Project Yosemite

3 03 2014

I’ve mentioned Yosemite a few times over the past two years. I have family in California’s Central Valley, and when we visit, it sometimes seems as if the mountains are literally calling to me. Skywatching is amazing up there (if you can get past your fear of being eaten by a cougar) and there is no shortage of photographs and films to prove it. To wit: Project Yosemite recently released a second timelapse, ostensibly documenting a 200+ mile backpacking trip, but really giving us a good view of the park’s changing skies. Their first video, released in 2012, was stunningly beautiful. Yosemite HD II may be even better.

ETA: The air traffic over Yosemite never ceases to amaze me.

Milky Way at Dawn in Yosemite Valley (Wallpaper Wednesday)

19 06 2013

Milky Way at Dawn in Yosemite Valley. Image courtesy Gregg L. Cooper

I wrapped up my California research trip with a weekend in Yosemite. In my mind, Lick Observatory and Yosemite Valley are linked landscapes; it seemed appropriate to go from archives to the park. We did some quality star gazing out behind our cabin, but as frequently happens on vacation, I was ready for bed well before the darkest observing hours. Luckily, photographers like Gregg Cooper are out there doing the hard work while the rest of us are resting up. Enjoy this particularly successful photo taken at Valley View; it’s a lovely combination of moving water, the Milky Way, and the growing glow of sunrise.

Click on the image to go to Mr. Cooper’s flickr page, where you can see this and other beautiful Yosemite photos.

Lick Observatory and Yosemite Valley

29 12 2011
Yosemite_Valley_as_seen_from_Mount_Hamilton, photograph, black and white

Yosemite Valley as seen from Mount Hamilton. Photo courtesy of Special Collections, UC Santa Cruz

I’m on the road (again) next week. The last time I was in central California, I took a day to visit Lick Observatory. I can’t really count on that option this trip, since the road to Mount Hamilton closes during winter weather. While I was casting around on the Internet for other day trip options, I somehow managed to type both “Lick Observatory” and “Yosemite” in the Google search box. And look what that combination returned to me: a view from Mount Hamilton toward Yosemite Valley with Half Dome clearly visible. Looking the map, it doesn’t seem possible, but in fact, yes, it is. I found two other photographs in the UC Santa Cruz collection showing the same view.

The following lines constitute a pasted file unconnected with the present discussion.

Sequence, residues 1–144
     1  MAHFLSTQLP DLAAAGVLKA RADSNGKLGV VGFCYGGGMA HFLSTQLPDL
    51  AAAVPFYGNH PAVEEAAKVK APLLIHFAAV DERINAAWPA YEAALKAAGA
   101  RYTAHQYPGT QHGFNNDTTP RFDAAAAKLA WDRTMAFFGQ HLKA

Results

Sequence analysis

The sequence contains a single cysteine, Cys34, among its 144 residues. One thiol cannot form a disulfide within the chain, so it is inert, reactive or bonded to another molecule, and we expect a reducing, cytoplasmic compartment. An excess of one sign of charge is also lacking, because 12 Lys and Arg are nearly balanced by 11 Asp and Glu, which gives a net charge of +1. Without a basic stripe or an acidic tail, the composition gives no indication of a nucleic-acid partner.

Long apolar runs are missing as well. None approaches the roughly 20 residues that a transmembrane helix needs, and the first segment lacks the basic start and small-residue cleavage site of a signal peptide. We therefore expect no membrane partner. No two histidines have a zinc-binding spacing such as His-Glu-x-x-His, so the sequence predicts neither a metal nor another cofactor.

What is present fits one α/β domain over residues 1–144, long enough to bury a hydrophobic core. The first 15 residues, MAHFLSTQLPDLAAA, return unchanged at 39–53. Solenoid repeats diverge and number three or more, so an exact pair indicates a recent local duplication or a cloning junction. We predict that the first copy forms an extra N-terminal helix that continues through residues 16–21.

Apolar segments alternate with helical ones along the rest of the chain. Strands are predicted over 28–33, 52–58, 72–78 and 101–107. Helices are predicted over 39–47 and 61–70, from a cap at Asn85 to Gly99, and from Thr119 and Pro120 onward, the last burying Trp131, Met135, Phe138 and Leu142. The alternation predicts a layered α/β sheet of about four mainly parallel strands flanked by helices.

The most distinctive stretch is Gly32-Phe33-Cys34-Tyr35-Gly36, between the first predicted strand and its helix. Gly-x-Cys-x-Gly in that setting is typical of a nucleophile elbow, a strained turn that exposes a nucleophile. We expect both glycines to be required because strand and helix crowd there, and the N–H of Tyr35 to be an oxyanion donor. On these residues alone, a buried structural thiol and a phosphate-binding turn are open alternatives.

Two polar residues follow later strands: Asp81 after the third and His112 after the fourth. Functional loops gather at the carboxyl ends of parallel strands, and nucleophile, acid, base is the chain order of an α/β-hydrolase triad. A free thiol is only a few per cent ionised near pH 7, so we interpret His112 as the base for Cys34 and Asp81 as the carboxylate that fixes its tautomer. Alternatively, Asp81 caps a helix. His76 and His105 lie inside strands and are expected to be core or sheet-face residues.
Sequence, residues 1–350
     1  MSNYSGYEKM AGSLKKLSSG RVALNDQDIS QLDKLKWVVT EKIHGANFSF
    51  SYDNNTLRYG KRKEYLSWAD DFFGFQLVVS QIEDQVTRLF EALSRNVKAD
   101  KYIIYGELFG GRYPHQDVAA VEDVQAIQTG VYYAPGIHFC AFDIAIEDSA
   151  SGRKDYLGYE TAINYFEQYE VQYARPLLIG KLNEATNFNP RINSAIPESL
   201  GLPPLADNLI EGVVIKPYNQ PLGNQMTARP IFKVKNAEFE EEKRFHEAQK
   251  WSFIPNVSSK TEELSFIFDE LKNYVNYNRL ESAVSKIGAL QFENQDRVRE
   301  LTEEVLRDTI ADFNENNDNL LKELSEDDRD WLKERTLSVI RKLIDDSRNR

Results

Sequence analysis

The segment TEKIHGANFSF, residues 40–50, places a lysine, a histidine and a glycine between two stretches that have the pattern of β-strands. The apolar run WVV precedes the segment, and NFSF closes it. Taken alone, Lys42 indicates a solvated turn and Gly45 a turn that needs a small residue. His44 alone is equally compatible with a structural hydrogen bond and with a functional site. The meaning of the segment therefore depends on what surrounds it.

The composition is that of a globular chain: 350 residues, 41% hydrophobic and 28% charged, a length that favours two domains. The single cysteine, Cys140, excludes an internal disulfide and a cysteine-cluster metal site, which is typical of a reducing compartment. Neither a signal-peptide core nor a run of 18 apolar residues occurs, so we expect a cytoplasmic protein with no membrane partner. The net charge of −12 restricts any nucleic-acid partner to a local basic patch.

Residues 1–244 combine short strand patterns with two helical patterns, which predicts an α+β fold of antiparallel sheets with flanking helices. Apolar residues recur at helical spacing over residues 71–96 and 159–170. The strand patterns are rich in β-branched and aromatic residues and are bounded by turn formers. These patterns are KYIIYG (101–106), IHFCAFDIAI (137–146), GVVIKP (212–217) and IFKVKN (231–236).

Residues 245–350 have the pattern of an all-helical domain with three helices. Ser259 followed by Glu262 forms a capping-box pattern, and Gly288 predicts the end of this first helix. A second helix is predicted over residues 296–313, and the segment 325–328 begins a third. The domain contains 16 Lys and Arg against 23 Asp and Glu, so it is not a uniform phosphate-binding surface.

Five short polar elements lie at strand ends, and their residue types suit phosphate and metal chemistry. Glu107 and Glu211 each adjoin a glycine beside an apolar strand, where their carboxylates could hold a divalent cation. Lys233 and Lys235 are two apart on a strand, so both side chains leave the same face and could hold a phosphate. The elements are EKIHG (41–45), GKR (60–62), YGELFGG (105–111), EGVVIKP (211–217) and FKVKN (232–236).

This discovery prompted me to look at my own photos from Lick Observatory, but it’s obvious that I would’ve had to stand on top of Copernicus Peak to see Half Dome. That’s not an option for the average observatory visitor. I wonder: could I use my status as a university faculty member and a historian of astronomy to garner special hiking privileges? I’ll let you know next summer. I’m not sure how the poor air quality in the Central Valley would affect the view. Mount Hamilton rises above the smog pushing against it from the east and the west. Since Half Dome is about 400 feet higher than Copernicus Peak, it should rise above the haze as well, right?

Rumor has it that I can see Half Dome from Modesto. I would doubt it, except I’ve seen this photo taken in Patterson, between Modesto and the I-5 corridor, and this stunning photo taken in Turlock, south of Modesto. I’ll do some exploring and report back, even though it’s not directly connected to astronomical observatories.

CSU Stanislaus Observatory

8 01 2012
CSU-Stanislaus Observatory at Sunset

CSU-Stanislaus Observatory, January 6, 2012. Photo credit: JR

The Nora and Hashem Naraghi Hall of Science is a relatively new addition to the campus of Cal State Stanislaus. Designed by Perkins + Will (Hi, Ajla!) and completed in 2007 (see construction photos here), the building houses the departments of physics, biology, chemistry, and geology. As you can see from the photo above, it also houses the campus observatory. We made a quick stop at the building while in the area last week, but since it was the end of the day—and the middle of winter break—there wasn’t much more we could do than watch the late afternoon sun reflect off the dome [see my flickr page for a few more photos].

According to the CSUS observatory’s facebook page, the dome covers a 21-inch telescope that is occasionally made available for public viewings. The public events page hasn’t been updated recently but I imagine Prof. Christopher De Vries in the CSUS Physics Department has information about any outreach activities related to the observatory.

For those of you waiting to see the results of my Yosemite viewing experiment, I’m afraid you’ll have to wait just a little bit longer. The air quality in the Central Valley was not good last week. Although there were several places between Modesto and Turlock that should have provided prime mountain viewing opportunities, all we saw was smog. The haze stayed with us well above the 3000-foot elevation, as evidenced in the photos from our trip to Yosemite Valley last Friday.